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Wine in Ancient China

by Jennifer Lyu

Unidentified artist. Chinese, Song dynasty (960 – 1279). Wine Vessel, ceramic. Ackland Art Museum, The University of North Carolina at Chapel Hill.

Tracing as far back to 1600 B.C. during the Shang Dynasty, the intricacies and structure of the Chinese wine vessel has become a tool for historians to discover the importance of wine and its many uses throughout Chinese history.

The wine vessel was first commonly used in rituals as a channel through which the living and the dead may communicate to allow the strengthening of ancestral ties and the preservation of family tradition and culture. If you look closely to the marks on this specific vessel, there are spiral designs incorporated around the base. Many historians believe the Chinese saw the cyclical nature of these spiral designs as a symbol of unity or the blending of different elements together to create a dynamic whole. The elements of the living and the dead, reality and mythology are, in effect, all becoming connected as one entity, thus bringing one closer to family traditions and the great divine.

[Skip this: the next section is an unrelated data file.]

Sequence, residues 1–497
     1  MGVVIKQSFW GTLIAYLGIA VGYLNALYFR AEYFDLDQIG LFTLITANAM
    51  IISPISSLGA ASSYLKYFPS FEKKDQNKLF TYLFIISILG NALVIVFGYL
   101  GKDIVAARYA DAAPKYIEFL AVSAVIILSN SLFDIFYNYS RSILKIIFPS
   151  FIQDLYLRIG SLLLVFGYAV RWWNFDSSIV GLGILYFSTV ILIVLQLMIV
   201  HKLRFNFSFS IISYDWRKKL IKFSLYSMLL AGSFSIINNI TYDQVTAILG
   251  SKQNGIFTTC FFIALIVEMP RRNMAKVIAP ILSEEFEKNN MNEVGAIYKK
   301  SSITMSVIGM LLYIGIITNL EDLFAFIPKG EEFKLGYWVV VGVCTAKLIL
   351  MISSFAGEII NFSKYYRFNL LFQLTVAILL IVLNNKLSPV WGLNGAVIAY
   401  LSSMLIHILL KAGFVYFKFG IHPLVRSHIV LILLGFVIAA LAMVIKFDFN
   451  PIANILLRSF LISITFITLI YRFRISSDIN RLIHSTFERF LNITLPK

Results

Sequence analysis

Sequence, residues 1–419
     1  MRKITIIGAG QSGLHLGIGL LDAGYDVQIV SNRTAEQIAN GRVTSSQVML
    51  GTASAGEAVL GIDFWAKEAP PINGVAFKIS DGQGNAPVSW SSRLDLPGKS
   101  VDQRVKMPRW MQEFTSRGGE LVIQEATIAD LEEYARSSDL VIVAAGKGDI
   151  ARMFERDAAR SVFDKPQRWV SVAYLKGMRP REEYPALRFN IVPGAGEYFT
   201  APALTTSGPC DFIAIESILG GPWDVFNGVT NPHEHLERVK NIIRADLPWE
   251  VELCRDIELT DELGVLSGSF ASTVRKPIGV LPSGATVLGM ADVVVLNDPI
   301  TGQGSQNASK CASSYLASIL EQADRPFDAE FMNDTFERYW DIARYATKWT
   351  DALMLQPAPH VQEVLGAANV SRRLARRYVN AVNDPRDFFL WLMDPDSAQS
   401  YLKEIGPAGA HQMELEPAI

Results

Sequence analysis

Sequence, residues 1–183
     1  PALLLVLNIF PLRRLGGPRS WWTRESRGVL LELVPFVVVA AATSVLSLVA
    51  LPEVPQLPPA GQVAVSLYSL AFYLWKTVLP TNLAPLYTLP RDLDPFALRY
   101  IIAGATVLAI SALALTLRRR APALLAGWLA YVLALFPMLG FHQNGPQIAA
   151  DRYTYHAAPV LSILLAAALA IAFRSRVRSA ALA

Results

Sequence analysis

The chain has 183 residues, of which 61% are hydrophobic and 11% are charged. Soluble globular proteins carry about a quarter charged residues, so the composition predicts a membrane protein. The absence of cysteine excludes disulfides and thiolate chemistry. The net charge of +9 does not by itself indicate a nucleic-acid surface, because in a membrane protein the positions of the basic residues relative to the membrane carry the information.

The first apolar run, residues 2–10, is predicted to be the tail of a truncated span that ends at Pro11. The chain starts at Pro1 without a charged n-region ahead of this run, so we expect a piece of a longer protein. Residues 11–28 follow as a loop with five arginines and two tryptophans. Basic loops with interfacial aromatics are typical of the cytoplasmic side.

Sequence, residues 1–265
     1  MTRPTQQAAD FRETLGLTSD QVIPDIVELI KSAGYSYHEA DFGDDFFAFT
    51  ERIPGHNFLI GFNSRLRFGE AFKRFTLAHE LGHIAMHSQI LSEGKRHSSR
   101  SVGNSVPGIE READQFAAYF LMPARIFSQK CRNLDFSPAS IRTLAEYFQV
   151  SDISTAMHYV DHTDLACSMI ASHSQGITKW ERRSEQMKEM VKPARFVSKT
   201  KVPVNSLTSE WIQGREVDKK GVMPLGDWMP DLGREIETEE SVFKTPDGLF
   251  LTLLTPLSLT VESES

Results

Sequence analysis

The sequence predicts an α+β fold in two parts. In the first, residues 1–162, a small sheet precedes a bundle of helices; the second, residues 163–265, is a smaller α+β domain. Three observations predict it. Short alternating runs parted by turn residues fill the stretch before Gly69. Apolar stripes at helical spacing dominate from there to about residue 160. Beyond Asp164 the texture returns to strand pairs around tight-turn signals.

Wine also became popular among kings and noblemen of Ancient China. This elite class often drank wine for the purpose of leisure and enjoyment. However, excessive drinking and indulgence by kings, such as Di Xin of the Shang Dynasty, led them to neglect their royal duties and gradually steered the dynasty to its downfall.

Lastly, it was soon discovered that wine’s bitter, sweet, and pungent elements gave it the abilities to kill all pathogens and act as a healing mechanism to treat many diseases and illnesses. Medicinal wine became well known as a preservative for kings’ corpses, as well as a treatment for snakebites, carbuncles, and other itches.


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